Summer of Soul: A Summer to Remember
By Janelle Clark
Questlove is an American musician with a deep appreciation for the art and history of Black music. He poured love and adoration into his documentary about the Harlem Cultural Festival in 1969. Throughout the film we explore many different themes of what Black people were experiencing politically, mentally, and soulfully. The many famous appearances that take place in this film are cinematic and parallel beautifully to reflect how eternal their impact is. Summer of Soul, directed by Amir Thompson (AKA Questlove) is an analysis of the soon to be thriving culture of Black people and America.
Before I started watching Summer of Soul, I figured that it was just a survey piece. It would be a concert and some interviews with some of the vendors and participants in the festival. Little did I know that so much more than simple explanations of how delicious a hot dog is would await me in this movie. The opening described and painted a beautiful picture of the era, the area of Harlem in which the festival took place, and the prominence of the people who performed and attended. It felt like watching home, like attending a barbecue of aunties and uncles who I’ve met so many times over fried chicken and smoked beans.
Throughout the movie many notable figures like Stevie Wonder, Gladys Knight, The 5th Dimension, Nina Simone, and many others gather in this park to celebrate, in the words of Miss Simone, young, gifted, and black people. The idea of gifted black people was extremely popular for the time and the future era that the United States was entering. With tensions around prominent figures like the Black Panther Party, the civil rights movement and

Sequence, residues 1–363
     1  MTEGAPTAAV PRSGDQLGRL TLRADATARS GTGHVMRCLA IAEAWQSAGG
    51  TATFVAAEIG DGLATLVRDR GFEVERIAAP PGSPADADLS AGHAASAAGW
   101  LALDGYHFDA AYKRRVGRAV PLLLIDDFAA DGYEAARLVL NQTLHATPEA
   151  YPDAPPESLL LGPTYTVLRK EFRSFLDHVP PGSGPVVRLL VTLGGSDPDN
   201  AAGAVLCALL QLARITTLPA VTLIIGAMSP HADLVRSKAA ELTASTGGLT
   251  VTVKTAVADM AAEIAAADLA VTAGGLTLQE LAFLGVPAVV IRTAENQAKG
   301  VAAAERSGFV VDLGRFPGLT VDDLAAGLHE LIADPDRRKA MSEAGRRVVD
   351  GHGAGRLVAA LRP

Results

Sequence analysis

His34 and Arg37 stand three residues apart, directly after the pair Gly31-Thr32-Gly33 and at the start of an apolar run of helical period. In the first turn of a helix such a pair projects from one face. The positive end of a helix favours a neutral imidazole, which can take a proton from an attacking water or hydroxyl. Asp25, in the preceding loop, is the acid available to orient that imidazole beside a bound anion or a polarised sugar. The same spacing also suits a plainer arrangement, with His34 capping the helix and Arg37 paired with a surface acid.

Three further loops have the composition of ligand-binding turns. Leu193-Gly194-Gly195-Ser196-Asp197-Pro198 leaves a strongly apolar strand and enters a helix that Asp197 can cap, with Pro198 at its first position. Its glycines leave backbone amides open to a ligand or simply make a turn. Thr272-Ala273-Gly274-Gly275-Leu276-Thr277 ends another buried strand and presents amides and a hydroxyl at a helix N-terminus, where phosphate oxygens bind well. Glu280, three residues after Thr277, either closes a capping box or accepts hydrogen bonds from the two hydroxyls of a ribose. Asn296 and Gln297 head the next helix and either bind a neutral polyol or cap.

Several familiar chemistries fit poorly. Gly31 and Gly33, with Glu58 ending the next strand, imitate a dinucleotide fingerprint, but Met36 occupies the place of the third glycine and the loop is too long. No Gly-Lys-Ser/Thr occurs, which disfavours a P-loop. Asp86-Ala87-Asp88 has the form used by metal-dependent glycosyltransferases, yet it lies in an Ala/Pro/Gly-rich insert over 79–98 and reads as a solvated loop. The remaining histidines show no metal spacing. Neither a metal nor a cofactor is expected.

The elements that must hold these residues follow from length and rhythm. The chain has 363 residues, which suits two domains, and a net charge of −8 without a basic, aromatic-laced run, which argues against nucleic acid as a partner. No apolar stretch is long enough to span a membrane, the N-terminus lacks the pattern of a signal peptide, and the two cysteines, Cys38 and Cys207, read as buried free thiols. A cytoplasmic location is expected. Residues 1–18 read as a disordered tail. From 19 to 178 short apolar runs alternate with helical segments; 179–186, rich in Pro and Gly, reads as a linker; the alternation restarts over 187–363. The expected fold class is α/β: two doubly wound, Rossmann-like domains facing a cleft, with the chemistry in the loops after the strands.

the seemingly never-ending attack on the rights and freedom of Black People. To quote her iconic words that were masterfully said, “ It wasn’t just about the music, we wanted progress. We are black people and we should be proud of it. We want our people, our people lifting us up.” The energy of the music scene at the time was so black, it was so powerfully African American that it took over the psyche of black people and inspired them.
The 1960s brought music and challenge to the black community, and might I say, a challenge that was giddily excepted and expectations were exceeded. The expectations of the black music community were just for them to play and entertain, that’s all music was to the white upper class, that’s all they thought of black people.